some very small categories
Posts tagged with projection
Vertical cross-section of the Sierra Madres, near Oaxaca City.
You can think about the landscape as a scalar field in 2-D (puncture the plane if you need to do this to the whole Earth) with the height being a numerical quantity assigned to any point. In that case the image above records the values the scalar field takes along the 1-dimensional γ. (If the scalar field were discontinuous, that would mean you either just biked off a cliff, or biked into a wall.) Or you can think about it in 3-D — looking around from your bicycle as you ascend the mountain ridge.
Since people liked my last opinion piece on
#big data, here’s another one.
Imagine there was a technology that allowed me to record the position of every atom in a small room, thereby generating some ridiculous amount of data (Avogadro’s number is 𝒪(10²³) so some prefix around that order of magnitude — eg yoctobytes). And also imagine that there was a way for other scientists to decode and view all of that. (Maybe the latency and bandwidth can still be restricted even though neither capacity nor resolution nor fidelity nor coverage of the measurement are restricted — although that won’t be relevant to my thought experiment, it would seem “like today” where MapReduce is required.)
Let’s say I am running some behavioural economics experiment, because I like those. What fraction of the data am I going to make use of in building my model? I submit that the psychometric model might be exactly the same size as it is today. If I’m interested in decision theory then I’m going to be looking to verify/falsify some high-level hypothesis like “Expected utility" or "Hebbian learning". The evidence for/against that idea is going to be so far above the atomic level, so far above the neuron level, I will basically still be looking at what I look at now:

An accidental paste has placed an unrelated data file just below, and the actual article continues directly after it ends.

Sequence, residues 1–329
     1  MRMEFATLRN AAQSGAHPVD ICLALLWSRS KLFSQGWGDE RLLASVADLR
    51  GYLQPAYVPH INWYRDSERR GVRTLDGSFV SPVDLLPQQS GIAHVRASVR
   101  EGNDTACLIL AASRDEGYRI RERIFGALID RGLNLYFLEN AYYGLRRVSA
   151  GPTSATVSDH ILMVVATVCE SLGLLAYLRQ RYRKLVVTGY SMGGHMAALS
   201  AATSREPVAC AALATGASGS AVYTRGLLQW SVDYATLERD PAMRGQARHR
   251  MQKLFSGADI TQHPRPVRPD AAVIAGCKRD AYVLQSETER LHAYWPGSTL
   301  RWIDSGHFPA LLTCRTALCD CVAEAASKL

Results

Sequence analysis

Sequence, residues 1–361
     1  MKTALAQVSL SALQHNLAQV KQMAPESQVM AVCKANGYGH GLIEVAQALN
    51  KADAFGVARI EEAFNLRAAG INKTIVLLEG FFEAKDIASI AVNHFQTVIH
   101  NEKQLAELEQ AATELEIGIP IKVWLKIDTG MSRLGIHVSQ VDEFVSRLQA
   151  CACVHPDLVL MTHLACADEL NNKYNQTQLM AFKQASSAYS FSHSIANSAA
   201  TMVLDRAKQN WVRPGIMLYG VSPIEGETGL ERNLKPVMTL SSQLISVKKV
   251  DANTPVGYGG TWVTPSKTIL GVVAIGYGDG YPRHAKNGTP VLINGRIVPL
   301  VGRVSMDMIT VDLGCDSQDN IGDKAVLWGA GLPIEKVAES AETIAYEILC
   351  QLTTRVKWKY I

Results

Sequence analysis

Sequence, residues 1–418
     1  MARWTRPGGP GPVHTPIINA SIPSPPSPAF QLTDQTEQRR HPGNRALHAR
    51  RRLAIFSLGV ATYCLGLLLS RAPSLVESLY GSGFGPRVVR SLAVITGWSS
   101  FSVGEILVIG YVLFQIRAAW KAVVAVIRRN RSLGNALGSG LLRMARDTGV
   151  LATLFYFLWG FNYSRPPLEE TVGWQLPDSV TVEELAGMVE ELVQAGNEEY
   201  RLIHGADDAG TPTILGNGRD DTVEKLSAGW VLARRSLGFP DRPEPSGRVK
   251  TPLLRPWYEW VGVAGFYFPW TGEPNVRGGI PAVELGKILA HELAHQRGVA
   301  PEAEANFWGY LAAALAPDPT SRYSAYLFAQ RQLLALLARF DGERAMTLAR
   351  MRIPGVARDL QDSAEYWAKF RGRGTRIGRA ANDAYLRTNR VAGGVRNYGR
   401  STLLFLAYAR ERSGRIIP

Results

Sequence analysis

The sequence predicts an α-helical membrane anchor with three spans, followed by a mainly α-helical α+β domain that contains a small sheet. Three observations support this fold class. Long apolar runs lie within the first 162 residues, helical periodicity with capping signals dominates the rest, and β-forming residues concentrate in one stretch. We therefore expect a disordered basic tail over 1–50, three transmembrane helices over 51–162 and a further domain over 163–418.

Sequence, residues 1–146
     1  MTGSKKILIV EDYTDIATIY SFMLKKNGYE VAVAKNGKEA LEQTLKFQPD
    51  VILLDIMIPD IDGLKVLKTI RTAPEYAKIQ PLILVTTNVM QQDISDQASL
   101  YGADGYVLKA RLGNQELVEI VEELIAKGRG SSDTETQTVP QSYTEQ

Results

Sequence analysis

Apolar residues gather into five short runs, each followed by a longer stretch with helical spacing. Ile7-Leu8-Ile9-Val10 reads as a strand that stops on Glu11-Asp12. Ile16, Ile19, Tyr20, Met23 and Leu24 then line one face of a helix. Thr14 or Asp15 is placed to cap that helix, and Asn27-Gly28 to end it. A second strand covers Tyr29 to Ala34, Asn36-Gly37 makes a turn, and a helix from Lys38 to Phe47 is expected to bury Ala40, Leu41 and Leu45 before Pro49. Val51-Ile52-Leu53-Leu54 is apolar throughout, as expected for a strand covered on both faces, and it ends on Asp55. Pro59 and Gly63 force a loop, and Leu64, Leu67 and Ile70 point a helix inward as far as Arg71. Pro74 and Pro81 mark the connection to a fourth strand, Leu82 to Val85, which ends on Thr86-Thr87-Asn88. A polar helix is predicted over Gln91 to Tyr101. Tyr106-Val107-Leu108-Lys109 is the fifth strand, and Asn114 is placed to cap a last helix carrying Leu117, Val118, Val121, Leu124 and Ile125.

If I’ve recorded every atom in the room, then with some work I can get up to a coarser resolution and make myself an MRI. (Imagine working with tick-level stock data when you really are only interested in monthly price movements—but in 3-D.) (I guess I wrote myself into even more of a corner here, if we have atomic level data then it’s quantum, meaning you really have to do some work to get it to the fMRI scale!) But say I’ve gotten to fMRI level data, then what am I going to do with them? I don’t know how brains work. I could look up some theories of what lighting-up in different areas of the brain means (and what about 16-way dynamical correlations of messages passing between brain areas? I don’t think anatomy books have gotten there yet). So I would have all this fMRI data and basically not know what to do with it. I could start my next research project to look at numerically / mathematically obvious properties of this dataset, but that doesn’t seem like it would yield up a Master Answer of the Experiment because there’s no interplay beween theories of the brain and trying different experiments to test it out — I’m just looking at “one single cross section” which is my one behavioural econ experiment. Might squeeze some juice but who knows.
Then let’s talk about people critiquing my research paper. I would post all the atomic-level data online of course, because that’s what Jesus would do. But would the people arguing against my paper be able to use that granular data effectively?
I don’t really think so. I think they would look at the very high level of 𝒪(100) or 𝒪(1) data that I mentioned before, where I would be looking.
Now think about either the scientists 100 years after that or if we had such perfect-fidelity recordings of some famous historical experiment. Let’s say it’s Michelson & Morley. Then it would be interesting to just watch the video from all angles (full resolution still not necessary) and learn a bit about the characters we’ve talked so much about.